Paper on hydrological modeling published

Our new paper ‘Hydrological Modeling and Capacity Building in the Republic of Namibia’ was published in the Bulletins of the American Meteorological Society.

This paper talks about flood forecasting, computational models, and open data products aggregated to provide freely accessible environmental decision support to build capacity in the Republic of Namibia and beyond.


A hydrological modeling framework suitable for multi-scale flood forecasting is introduced and used to build capacity in the Republic of Namibia and around the world.

The Republic of Namibia, located along the arid and semi-arid coast of southwest Africa, is highly dependent on reliable forecasts of surface and groundwater storage and fluxes. Since 2009, the University of Oklahoma (OU) and NASA have engaged in a series of exercises with the Namibian Ministry of Agriculture, Water, and Forestry to build the capacity to improve the water information available to local decision makers. These activities have included the calibration and implementation of NASA and OU’s jointly-developed Coupled Routing and Excess Storage (CREST) hydrological model, as well as the Ensemble Framework for Flash Flood Forecasting (EF5). Hydrological model output is used to produce forecasts of river stage height, discharge, and soil moisture.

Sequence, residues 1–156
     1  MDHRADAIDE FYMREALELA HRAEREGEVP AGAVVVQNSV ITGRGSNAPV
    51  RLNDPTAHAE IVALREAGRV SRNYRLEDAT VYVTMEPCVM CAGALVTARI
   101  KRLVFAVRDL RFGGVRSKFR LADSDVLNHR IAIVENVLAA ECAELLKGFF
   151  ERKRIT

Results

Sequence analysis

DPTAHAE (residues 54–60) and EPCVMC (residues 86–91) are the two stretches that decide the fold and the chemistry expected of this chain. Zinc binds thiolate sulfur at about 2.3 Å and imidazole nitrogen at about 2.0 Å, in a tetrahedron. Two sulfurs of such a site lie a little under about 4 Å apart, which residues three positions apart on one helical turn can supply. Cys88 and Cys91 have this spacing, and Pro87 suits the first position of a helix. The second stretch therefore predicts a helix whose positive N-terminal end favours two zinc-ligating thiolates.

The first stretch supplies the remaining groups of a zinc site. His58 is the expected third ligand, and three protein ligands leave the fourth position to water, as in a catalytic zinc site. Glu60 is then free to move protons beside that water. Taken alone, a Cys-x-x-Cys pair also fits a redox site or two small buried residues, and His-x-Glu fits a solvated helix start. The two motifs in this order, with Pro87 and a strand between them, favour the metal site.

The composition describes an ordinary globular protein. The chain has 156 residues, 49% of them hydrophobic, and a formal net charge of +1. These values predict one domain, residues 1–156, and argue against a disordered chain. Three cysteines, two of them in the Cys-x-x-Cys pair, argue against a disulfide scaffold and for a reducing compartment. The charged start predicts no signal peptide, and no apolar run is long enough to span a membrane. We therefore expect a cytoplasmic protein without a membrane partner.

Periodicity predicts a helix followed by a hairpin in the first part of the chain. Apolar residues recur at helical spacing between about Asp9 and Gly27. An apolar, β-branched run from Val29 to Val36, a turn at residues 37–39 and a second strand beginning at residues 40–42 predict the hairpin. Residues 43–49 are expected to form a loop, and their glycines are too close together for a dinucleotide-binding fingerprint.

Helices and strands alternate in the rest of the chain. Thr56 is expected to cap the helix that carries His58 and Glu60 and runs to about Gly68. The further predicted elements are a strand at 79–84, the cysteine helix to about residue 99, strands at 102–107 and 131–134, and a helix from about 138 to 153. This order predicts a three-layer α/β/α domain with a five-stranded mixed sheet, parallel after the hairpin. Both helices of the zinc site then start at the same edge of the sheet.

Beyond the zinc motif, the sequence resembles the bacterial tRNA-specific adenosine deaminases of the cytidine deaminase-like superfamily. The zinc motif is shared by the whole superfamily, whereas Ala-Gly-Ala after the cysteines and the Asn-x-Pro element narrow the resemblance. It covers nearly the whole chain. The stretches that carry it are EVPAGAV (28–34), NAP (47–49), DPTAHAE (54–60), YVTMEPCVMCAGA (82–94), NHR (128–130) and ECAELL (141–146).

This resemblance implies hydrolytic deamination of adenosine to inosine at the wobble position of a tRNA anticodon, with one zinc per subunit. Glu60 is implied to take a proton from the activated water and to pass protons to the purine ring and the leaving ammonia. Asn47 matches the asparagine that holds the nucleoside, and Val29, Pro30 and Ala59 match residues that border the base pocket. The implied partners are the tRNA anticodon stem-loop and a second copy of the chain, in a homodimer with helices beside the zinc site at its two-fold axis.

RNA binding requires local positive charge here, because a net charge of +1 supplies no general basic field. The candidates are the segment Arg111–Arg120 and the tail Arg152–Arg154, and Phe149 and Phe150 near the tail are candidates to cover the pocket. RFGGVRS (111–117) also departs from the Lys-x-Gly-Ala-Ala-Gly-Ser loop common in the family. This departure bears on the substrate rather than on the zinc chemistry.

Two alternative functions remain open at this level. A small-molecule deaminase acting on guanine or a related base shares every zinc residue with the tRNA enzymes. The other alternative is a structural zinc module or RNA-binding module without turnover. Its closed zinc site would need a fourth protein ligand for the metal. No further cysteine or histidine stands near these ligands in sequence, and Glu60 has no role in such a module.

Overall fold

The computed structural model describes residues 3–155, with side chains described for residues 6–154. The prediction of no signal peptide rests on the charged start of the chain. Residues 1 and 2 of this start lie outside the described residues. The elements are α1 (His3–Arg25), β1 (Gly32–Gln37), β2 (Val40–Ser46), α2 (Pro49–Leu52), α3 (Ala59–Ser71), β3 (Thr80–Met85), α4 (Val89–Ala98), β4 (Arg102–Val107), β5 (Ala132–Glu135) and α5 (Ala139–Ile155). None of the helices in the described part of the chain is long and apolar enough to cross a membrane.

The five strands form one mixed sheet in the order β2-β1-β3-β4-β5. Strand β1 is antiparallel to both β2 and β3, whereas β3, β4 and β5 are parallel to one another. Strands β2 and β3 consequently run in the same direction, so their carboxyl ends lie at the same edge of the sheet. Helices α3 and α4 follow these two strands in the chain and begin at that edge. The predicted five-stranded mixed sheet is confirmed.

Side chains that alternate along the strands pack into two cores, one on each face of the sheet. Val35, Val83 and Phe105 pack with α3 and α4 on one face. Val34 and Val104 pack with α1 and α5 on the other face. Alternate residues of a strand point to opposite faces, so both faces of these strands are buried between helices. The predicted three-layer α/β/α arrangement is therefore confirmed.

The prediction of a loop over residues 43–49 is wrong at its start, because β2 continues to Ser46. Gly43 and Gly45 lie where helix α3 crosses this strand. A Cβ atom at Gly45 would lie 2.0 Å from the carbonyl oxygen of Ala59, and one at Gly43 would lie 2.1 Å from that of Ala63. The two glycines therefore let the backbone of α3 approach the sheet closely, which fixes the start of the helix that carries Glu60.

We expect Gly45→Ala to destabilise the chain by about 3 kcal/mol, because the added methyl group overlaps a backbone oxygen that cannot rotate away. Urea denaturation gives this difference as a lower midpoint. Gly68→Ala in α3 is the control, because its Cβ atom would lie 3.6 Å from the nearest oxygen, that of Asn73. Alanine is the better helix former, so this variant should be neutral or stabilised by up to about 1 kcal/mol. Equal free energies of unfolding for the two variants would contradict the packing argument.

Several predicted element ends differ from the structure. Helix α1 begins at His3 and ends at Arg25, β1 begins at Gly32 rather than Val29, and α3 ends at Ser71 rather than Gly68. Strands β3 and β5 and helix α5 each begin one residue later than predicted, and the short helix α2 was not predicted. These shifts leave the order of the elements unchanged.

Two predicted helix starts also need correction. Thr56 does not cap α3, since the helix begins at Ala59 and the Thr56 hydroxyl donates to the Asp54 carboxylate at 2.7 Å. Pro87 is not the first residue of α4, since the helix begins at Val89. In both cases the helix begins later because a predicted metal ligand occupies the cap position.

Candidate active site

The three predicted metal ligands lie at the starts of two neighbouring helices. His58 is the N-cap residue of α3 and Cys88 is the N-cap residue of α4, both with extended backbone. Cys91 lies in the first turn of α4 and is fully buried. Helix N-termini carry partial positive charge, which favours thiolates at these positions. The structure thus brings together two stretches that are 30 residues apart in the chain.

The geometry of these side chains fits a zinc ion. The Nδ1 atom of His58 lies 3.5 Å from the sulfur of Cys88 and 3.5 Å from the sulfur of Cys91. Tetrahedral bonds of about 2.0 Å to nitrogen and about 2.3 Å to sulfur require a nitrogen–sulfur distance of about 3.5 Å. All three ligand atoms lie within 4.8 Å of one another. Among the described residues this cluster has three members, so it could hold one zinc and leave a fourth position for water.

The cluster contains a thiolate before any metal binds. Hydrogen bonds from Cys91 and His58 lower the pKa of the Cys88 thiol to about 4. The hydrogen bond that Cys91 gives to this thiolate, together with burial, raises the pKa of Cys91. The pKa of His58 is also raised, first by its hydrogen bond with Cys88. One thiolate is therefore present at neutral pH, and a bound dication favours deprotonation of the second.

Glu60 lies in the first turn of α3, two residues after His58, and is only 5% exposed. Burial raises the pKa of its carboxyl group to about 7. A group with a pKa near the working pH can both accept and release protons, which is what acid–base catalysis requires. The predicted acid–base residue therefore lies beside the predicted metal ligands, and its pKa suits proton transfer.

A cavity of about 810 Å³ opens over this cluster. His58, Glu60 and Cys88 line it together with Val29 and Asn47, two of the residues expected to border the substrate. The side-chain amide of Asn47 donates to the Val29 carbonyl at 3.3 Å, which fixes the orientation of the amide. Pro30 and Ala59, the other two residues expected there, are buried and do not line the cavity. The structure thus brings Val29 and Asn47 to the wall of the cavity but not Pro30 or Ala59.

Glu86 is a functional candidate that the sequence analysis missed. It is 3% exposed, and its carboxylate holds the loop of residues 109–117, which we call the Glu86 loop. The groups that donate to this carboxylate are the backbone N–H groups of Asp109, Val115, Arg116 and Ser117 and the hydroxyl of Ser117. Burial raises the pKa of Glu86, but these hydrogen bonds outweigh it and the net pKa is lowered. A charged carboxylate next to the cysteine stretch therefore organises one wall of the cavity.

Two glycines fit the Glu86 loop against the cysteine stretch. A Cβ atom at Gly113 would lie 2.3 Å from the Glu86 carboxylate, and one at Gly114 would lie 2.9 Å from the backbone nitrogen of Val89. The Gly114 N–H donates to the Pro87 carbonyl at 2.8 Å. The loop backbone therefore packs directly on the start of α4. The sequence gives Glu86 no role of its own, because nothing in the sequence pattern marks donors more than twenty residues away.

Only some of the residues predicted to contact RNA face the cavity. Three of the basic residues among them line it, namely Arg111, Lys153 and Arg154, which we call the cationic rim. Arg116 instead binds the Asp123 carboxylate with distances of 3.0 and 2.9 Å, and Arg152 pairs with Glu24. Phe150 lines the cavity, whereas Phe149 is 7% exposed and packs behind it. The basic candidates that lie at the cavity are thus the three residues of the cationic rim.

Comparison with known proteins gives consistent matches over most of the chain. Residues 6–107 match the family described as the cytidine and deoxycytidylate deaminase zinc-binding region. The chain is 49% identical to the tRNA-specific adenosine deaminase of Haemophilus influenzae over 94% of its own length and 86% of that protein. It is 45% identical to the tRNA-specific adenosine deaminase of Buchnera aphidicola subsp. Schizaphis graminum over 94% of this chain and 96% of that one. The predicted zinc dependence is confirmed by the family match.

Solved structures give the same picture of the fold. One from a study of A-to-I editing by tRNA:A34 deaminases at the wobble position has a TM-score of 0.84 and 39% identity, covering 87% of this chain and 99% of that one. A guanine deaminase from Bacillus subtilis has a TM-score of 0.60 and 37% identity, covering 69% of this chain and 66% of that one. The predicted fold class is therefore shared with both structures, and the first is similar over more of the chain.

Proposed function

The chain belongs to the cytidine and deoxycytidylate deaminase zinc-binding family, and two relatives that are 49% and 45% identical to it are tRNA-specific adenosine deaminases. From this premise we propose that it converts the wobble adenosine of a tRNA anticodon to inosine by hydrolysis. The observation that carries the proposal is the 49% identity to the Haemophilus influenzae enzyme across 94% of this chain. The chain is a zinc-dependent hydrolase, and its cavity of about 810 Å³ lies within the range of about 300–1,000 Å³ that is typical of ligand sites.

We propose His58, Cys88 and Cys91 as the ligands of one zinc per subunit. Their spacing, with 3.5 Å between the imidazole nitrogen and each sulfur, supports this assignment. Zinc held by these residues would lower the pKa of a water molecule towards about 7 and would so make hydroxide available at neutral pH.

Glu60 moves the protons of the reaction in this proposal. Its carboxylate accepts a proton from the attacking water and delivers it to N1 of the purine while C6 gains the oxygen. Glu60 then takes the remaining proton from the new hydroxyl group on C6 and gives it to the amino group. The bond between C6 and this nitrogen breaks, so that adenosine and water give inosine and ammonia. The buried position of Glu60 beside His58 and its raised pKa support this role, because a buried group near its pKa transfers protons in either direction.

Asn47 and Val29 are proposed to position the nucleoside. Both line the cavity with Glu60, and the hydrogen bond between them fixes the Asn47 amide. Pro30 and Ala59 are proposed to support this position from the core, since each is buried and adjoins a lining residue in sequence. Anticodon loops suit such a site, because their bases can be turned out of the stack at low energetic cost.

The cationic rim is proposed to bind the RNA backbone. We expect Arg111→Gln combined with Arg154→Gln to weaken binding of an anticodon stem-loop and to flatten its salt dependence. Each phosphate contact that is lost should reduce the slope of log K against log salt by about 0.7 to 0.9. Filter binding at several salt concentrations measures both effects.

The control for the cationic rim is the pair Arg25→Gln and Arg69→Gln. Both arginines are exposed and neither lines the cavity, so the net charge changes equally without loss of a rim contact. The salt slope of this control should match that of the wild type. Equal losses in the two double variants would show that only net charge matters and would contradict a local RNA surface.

To enable broad access to this suite of environmental decision support information, a website, the Namibia Flood Dashboard, hosted on the infrastructure of the Open Science Data Cloud, has been developed. This system enables scientists, Ministry officials, non-governmental organizations, and other interested parties to freely access all available water information produced by the project, including comparisons of NASA satellite imagery to model forecasts of flooding or drought. The local expertise needed to generate and enhance these water information products has been grown through a series of training meetings bringing together national government officials, regional stakeholders, and local university students and faculty. Aided by online training materials, these exercises have resulted in additional capacity building activities with CREST and EF5 beyond Namibia, as well as the initial implementation of a global flood monitoring and forecasting system.

Read the paper here: ‘Hydrological Modeling and Capacity Building in the Republic of Namibia’ by Robert A. Clark, Zachary L. Flamig, Humberto Vergara, Yang Hong, Jonathan J. Gourley, Daniel J. Mandl, Stuart Frye, Matthew Handy, and Maria Patterson.